to understand the workings of Providence in her Son's mission. A subject
of particular reflection for his Mother, in this regard, was certainly
the statement Jesus made in the temple of Jerusalem when he was 12 years
old: "Did you not know that I must be in my Father's house?" (Lk
2:49). Meditating on this, Mary could better understand the meaning of
Jesus' divine sonship and her own motherhood, as she endeavoured to
discern in her Son's conduct the traits revealing his likeness to the
One he called "my Father".
Our life is hidden with Christ in God
4. Communion of life with Jesus in the house of Nazareth led Mary not
only to advance "in her pilgrimage of faith" (Lumen gentium,
n. 58), but also in hope. This virtue, cultivated and sustained by
her memory of the Annunciation and of Simeon's words, embraced the whole
span of her earthly life, but was practised especially during the 30
years of silence and hiddenness spent in Nazareth.
At home, the Blessed Virgin experiences hope in its highest form; she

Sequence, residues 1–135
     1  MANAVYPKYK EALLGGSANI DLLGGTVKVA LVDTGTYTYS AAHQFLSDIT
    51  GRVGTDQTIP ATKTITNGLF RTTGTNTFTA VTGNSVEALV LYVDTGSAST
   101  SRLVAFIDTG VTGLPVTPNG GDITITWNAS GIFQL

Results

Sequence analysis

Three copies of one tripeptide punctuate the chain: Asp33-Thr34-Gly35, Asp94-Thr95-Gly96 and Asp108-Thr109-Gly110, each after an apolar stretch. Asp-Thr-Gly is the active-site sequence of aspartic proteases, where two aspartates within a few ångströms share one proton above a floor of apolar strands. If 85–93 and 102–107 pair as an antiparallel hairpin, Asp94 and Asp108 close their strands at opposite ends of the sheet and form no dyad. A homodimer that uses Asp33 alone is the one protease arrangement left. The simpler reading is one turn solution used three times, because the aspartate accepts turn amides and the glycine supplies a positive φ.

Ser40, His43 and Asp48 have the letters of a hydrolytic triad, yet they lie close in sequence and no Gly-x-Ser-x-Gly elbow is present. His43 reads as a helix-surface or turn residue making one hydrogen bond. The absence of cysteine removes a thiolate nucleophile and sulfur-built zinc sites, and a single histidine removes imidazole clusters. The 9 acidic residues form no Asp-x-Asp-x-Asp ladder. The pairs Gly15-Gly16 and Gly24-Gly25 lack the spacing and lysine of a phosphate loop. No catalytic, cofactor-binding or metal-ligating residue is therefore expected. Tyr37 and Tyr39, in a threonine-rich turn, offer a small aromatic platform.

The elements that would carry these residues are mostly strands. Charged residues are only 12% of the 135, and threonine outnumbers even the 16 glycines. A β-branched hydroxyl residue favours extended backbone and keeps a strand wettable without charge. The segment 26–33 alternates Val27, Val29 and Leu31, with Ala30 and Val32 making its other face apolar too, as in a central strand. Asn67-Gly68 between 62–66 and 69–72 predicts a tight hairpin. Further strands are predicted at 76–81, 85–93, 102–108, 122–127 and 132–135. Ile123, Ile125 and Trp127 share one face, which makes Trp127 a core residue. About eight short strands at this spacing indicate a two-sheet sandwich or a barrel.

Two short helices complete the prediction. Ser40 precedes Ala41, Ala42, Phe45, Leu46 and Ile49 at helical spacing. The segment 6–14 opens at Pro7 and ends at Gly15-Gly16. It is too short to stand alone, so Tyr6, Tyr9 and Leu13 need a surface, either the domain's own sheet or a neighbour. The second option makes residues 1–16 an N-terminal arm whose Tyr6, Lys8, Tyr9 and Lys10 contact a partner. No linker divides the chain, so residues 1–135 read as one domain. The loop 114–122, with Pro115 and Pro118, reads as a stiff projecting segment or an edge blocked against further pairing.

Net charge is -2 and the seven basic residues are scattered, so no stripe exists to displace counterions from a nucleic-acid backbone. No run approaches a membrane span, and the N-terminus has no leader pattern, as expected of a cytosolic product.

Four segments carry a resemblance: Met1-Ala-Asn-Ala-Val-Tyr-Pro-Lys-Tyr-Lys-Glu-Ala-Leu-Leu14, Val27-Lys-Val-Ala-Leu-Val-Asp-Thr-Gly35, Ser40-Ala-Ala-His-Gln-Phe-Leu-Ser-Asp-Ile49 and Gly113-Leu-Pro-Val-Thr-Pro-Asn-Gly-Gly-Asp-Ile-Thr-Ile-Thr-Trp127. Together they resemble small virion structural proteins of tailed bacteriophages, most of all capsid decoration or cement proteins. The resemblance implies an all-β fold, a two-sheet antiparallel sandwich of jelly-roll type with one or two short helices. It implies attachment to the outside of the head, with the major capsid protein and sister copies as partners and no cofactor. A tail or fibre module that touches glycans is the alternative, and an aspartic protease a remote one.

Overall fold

knows she will not be disappointed even if she does not know the times
or the ways in which God will fulfil his promise. In the darkness of
faith and in the absence of extraordinary signs announcing the beginning
of her Son's messianic task, she hopes, beyond all evidence, awaiting
the fulfilment of God's promise.
A setting for growth in faith and hope, the house of Nazareth becomes
a place of lofty witness to charity. The love that Christ wanted to pour
forth in the world is kindled and burns first of all in his Mother's
heart: it is precisely in the home that the proclamation of the Gospel
of divine love is prepared.
Looking at Nazareth, contemplating the mystery of the hidden life of
Jesus and the Blessed Virgin, we are invited to reflect on the mystery
of our life which—St Paul recalls —"is hidden with Christ in
God" (Col 3:3).
It is often a life that seems humble and obscure in the world's eyes,
but which, following Mary's example, can reveal unexpected possibilities
of salvation, radiating the love and peace of Christ.